• Remember you can’t fly with CO2 cartridges. You will be able to buy them in Kona and return them before you  fly again.

Once you get there…


  • If you are staying in Kona for a short time, then you can do without a car as you walk everywhere. However if you are staying out of town or if you want to explore the island, get a car. You need a car to get up to the large supermarket and WalMart for supplies also if  you are staying somewhere where you cook for yourself. A car is a good idea with kids too. You could manage with bikes to get around if you are just a couple, or mopeds.
  • Sort out your international roaming on your phone before you go. I spent hours on it in Kona and regretted not getting my head around it beforehand.Some accommodation has free wifi and you can find free wifi in some cafes but if you are a social networking type like me and want to keep everyone posted on Facebook or Twitter, then you don’t want a huge bill when you get home. I ended up unlocking my iPhone and buying a US sim card for $40 for a month unlimited and this worked OK. Not that fast but did the job. There is a phone shop behind Lava Java.
  • If you are taking kids think about how you will move around with them. For babies, take a small fold up umbrella style pram. The pavements are narrow. The big jogger prams we use in OZ don’t work. You could also buy one cheap in Walmart on arrival. For kids 4 or up, consider taking a scooter (or maybe they can skate?). There is a lot of walking. If they can whizz around without complaints you will all be so much happier! We also know spectators who bought cheap bikes at Walmart and then gave them away in Kona before leaving. However, you need to ride on the road – no room on the pavements. Whatever you chose just be prepared to walk a lot!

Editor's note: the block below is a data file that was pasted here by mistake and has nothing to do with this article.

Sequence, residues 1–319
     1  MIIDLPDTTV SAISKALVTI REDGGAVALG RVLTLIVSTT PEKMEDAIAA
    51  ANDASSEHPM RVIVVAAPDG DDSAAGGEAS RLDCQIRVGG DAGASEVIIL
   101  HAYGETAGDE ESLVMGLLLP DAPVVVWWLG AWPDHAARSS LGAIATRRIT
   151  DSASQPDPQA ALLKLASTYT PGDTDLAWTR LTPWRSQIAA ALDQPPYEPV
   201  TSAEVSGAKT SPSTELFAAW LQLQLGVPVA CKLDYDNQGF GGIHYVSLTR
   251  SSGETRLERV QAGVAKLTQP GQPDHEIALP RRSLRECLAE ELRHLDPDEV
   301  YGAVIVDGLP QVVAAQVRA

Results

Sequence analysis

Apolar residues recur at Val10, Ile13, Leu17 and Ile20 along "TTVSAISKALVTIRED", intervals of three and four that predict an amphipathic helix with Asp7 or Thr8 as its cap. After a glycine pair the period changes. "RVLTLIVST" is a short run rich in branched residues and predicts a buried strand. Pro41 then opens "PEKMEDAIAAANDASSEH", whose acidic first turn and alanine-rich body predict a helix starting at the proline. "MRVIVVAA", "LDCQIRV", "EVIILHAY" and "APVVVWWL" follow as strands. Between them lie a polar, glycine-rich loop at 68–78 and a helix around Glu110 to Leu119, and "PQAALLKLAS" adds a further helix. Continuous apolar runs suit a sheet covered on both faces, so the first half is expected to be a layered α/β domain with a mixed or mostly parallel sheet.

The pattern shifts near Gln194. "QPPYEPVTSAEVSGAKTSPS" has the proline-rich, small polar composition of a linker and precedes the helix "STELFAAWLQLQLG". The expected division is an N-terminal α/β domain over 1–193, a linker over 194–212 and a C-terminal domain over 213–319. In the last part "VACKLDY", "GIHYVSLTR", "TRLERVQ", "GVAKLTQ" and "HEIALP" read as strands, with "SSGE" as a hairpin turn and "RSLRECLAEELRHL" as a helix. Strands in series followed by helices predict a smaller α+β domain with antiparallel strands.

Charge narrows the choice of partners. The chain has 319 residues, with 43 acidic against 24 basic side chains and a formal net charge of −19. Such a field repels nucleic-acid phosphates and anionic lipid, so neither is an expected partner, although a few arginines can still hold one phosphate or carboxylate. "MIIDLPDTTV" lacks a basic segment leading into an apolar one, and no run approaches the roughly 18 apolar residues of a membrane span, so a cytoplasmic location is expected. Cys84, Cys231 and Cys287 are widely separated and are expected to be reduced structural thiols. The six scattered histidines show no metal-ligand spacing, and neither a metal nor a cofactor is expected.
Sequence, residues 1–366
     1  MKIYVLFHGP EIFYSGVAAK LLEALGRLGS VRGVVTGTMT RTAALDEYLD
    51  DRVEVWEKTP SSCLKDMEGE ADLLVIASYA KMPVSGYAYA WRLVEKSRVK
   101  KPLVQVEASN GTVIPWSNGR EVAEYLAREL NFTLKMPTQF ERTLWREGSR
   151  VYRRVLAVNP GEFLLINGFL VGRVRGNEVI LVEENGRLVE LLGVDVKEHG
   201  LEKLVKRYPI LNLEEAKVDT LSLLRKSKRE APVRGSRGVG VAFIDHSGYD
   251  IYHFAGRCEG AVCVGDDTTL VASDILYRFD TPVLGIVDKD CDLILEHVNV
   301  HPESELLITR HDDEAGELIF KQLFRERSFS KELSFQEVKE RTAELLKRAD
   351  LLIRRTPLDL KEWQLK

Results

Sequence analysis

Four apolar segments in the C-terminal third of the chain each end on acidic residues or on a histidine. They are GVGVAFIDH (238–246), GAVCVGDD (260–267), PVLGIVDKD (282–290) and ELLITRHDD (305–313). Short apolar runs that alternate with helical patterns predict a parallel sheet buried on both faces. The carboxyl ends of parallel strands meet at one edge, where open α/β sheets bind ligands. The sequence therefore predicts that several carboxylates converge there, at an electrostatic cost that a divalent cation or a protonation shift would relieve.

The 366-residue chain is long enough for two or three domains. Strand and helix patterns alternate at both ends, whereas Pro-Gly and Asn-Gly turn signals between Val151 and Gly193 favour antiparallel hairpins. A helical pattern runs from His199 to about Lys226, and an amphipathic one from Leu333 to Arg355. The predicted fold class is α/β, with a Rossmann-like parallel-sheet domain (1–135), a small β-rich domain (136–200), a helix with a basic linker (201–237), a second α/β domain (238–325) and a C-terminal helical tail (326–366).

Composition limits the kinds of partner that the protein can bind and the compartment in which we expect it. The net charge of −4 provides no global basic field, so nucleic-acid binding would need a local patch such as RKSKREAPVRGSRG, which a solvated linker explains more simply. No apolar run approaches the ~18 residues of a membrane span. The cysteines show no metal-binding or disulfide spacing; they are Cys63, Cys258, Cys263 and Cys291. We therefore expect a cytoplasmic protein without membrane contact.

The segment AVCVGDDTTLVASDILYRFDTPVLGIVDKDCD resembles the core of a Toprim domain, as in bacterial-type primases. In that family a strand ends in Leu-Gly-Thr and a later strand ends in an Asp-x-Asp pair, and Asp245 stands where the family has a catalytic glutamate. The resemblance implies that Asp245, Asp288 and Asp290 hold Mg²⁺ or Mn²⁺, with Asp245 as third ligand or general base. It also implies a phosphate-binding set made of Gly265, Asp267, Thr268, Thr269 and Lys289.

Hoping that these notes I made myself help you when planning for your first trip to The Big Island for this special event.

Have you been to the Hawaii Ironman or are you heading there this year? Do you have any tips you can add?

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  1. Thanks for the travel trips Lisa. I’m hoping to do massage support for some local athletes going to Kona & doing a lot of research (its my first time).
    Accommodation is a challenge… travel agent, airbnb etc etc? Any tips on who to trust, terms & conditions to watch for? Regards Di

    • Hi Diane – thanks for reading! We have just been going through the process of finding accommodation,etc. as we will be heading to Kona again this year. I am actually writing a post on it – out soon! Get booked as soon as you can as it does book out. We book online and have found the best website for condos to be or – they require a deposit then pay closer to travel date. Beware tax and other fees on top mean it all adds up and it’s THE most expensive time to stay in Kona. If you can spend the extra we like to stay as close into town so you can walk everywhere. You could also get some quotes from travel companies like Hope this helps and will post more advice soon so keep an eye out! Lisa 🙂